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Craig Beale, FAIA, FACHA, FACHE, LEED AP, executive vice president and director of health care at architecture firm HKS Inc., Dallas, travels overseas so frequently he has had to insert extra pages into his passport. Twice.
"U.S. companies are going where the work is," says Jason Schroer, AIA, ACHA, LEED AP, associate principal, senior vice president and senior designer, HKS. Increasingly, that means going abroad. Emerging markets and a desire for U.S. health care design expertise have created a thriving international industry for U.S.-based health care architects.
Working outside the U.S. system is "a synergistic learning experience," says Jean Mah, FAIA, FACHA, LEED AP, health care global practice leader, Perkins+Will, Los Angeles office. "There's always room to learn from other places. It's not a one-way street. We can actually do great work if we collaborate with each other."
International projects involve a great deal of collaboration. U.S. firms generally partner with local firms that understand local regulatory processes and construction methodologies, which "vary, and sometimes vary dramatically, from country to country," according to Donald R. DeBord Jr., AIA, NCARB, senior vice president, RTKL Associates Inc., Baltimore.
Government-based projects may be delivered through public-private partnerships (also known as P3s), which entail public funding for private facilities, often with a long-term lease back to the government. Privately held hospitals may involve developers and operators who have embarked on projects in several countries, in recognition of the opportunity presented by the international health care market. Singapore-based Parkway Pantai Ltd., for example, reports it has 18 hospitals located in the Middle East, India and Asia. Some major U.S.-based health systems, including Partners HealthCare, Boston, and Cleveland Clinic, have branched out overseas.
As a result of the number of stakeholders involved, multinational project teams can be complex. The Royal Children's Hospital, Victoria, Australia, was delivered by a P3 team that included three architecture firms — Billard Leece and Bates Smart, both from Australia, and HKS from the United States — plus a contractor, a facilities management firm and a funds and asset management company. HKS is working on a commission that involves an agreement between Trinidad and Tobago and is being funded and built by a Chinese firm. "We actually took a trip to Shanghai for a project that's in Trinidad," Schroer says.
Overseas projects require spending substantial time in person in country. In addition, multinational teams can become adept at using technology to enhance project delivery. Bill Roger, AIA, ACHA, senior vice president and director of health care, HOK, San Francisco office, says two of his firm's recent hospital projects in Singapore, Mount Elizabeth Novena Hospital and Ng Teng Fong General Hospital, "were a training ground for learning to do it efficiently and, to some degree, remotely."
For these projects, HOK's Singapore office was outfitted with high-definition videoconferencing equipment that allowed team members an ocean apart to interact, share graphics and modify drawings. The efficiency of this process went beyond saving jet fuel, Roger says; it saved time, too.
"I think there's a possibility for that here," he adds. "We need to work with the building community as well as the client community to say, 'What's the best way to move this bus along?' It's possible to be more efficient in terms of how we organize ourselves and do the project. We're finding in the United States that our clients are saying, 'We need to be efficient about how we deliver.' " Efficient processes can produce cost savings that can be invested in improving hospital buildings, systems and the overall patient experience, says Roger.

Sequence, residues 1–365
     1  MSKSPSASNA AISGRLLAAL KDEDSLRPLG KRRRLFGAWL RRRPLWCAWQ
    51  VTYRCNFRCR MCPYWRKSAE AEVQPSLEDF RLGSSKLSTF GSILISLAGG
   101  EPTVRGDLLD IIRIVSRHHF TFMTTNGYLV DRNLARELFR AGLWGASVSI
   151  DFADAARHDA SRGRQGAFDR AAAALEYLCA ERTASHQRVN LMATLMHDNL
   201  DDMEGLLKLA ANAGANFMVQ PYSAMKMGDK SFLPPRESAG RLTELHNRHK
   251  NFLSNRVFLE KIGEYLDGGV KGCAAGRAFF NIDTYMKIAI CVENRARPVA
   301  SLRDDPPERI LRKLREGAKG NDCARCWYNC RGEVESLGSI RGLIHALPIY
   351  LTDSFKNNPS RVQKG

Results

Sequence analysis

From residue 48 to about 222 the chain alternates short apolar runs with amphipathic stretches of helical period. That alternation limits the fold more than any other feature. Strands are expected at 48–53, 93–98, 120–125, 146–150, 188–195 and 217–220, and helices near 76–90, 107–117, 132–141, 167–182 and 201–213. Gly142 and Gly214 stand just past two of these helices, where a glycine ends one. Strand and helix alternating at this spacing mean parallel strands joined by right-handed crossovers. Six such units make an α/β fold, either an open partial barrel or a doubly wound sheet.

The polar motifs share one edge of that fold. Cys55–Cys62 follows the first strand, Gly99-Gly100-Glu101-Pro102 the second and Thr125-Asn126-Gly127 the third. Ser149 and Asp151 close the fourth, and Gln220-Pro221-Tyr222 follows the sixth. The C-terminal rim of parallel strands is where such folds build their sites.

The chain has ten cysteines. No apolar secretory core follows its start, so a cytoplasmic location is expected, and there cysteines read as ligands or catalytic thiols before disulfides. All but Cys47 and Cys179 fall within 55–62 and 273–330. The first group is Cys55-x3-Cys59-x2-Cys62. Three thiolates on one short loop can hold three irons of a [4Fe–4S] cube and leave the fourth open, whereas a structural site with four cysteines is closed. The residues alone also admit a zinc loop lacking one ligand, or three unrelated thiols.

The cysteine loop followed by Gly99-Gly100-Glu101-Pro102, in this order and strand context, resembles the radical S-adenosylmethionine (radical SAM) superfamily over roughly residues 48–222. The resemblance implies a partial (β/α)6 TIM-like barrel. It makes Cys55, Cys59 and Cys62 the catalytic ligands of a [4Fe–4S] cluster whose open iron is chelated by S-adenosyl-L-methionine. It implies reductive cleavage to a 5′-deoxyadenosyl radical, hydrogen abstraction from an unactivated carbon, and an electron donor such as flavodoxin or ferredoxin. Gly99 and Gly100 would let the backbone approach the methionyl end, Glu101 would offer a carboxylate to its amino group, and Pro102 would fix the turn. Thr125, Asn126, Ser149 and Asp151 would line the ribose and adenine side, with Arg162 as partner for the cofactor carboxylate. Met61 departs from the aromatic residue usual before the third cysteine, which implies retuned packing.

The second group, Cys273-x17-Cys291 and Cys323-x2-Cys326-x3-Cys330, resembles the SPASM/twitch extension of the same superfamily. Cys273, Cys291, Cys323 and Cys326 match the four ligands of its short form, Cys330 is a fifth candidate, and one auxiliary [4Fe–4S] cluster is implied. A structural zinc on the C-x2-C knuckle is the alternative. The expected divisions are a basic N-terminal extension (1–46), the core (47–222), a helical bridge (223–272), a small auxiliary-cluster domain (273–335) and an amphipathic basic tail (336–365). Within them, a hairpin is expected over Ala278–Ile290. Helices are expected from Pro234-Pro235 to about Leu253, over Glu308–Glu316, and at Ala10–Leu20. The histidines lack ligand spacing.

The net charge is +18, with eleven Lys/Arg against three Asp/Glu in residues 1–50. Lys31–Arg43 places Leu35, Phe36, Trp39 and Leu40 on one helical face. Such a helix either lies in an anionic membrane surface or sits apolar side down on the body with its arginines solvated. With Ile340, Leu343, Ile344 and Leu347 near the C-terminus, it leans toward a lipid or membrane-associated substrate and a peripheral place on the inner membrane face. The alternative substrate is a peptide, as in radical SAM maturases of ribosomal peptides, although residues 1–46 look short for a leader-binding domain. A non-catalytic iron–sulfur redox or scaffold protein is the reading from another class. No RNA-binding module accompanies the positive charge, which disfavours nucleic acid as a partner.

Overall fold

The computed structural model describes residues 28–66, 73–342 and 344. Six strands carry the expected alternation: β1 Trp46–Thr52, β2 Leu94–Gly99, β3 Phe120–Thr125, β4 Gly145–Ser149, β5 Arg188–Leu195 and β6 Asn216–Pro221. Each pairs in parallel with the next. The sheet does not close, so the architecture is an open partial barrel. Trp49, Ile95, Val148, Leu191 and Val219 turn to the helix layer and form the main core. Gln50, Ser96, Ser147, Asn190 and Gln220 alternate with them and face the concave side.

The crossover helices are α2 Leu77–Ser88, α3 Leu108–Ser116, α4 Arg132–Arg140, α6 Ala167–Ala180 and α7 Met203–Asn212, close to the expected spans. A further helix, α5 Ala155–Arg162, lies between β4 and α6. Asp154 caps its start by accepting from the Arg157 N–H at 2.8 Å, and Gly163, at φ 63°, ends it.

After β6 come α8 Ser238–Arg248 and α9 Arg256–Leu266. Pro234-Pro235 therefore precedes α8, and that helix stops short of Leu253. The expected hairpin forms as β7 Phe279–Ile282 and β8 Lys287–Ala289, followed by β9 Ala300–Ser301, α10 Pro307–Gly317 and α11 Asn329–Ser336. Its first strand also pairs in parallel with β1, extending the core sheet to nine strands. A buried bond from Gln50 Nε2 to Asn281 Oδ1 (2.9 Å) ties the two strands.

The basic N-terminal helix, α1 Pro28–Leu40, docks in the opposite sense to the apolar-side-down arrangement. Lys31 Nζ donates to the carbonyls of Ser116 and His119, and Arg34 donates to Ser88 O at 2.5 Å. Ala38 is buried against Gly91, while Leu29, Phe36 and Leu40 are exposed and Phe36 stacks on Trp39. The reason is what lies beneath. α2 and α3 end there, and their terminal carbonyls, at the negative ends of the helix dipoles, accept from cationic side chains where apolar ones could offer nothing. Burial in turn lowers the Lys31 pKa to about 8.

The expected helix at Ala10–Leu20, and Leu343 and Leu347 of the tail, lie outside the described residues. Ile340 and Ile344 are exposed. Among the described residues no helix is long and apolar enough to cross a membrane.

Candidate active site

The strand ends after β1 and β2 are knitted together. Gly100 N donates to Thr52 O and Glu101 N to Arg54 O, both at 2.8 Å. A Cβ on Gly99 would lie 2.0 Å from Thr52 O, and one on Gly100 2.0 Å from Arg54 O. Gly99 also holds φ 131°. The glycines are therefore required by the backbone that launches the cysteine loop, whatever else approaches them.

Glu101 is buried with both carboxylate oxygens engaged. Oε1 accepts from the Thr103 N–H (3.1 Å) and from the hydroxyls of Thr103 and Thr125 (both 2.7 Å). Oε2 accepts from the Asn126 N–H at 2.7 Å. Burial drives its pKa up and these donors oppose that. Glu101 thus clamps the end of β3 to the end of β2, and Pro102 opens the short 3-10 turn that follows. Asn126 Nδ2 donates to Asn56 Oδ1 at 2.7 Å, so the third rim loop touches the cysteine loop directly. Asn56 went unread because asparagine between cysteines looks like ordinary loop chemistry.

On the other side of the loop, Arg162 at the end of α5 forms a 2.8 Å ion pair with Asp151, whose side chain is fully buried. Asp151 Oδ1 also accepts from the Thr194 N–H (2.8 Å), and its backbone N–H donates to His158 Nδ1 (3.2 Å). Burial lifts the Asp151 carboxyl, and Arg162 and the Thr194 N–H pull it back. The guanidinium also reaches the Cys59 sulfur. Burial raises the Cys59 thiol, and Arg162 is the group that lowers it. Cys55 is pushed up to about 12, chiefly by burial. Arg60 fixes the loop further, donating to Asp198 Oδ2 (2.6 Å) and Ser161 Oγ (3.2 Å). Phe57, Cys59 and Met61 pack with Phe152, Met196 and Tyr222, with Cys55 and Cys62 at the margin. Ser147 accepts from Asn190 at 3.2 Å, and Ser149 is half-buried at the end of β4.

ROYAL NATIONAL ORTHOPAEDIC HOSPITAL: This 129,200-square-foot, mixed-use project in London by HOK required collaboration between the public and private sectors and includes a new outpatient department for the Royal National Orthopaedic Hospital, office space, public housing and market-rate housing.
Reimbursement and cost issues
Health systems differ around the world, but efficiency and cost are universal issues. "Every country is different in specific ways of how [health care] is reimbursed, how it's delivered and how the medical practices affiliate and connect with each other," notes DeBord. Working in a variety of national systems teaches American architects how these differences impact design and project delivery.
With public or P3 projects, "there's almost a myth that cost is not an issue because it's paid for by the government or some entity that is working for the government — which is false, because economy is everything in those systems as well. They still have to balance their books. They still need to produce efficient facilities," says Beau Herr, RIBA, vice president, RTKL.
Some public projects, particularly those in the developing world, lack reliable population data or a business case for planners and architects to use in establishing, for example, the number of inpatient beds needed at a facility, Schroer says. This has heightened his appreciation of how the business side of the health care industry affects design decisions, he adds. "As architects and designers, we're not always really that interested in the business side. We just want to get a general understanding, jump in and start designing a beautiful project. But, I think what I've learned is that the business side is part of the context of how you need to approach your design work, and not to take it for granted."
At the other extreme are projects with specific, unbending requirements. In some cases, by the time a project is approved by a country's ministry of health and reaches the competition stage for architects, "there's no latitude for innovation to be inserted into the process," says Herr.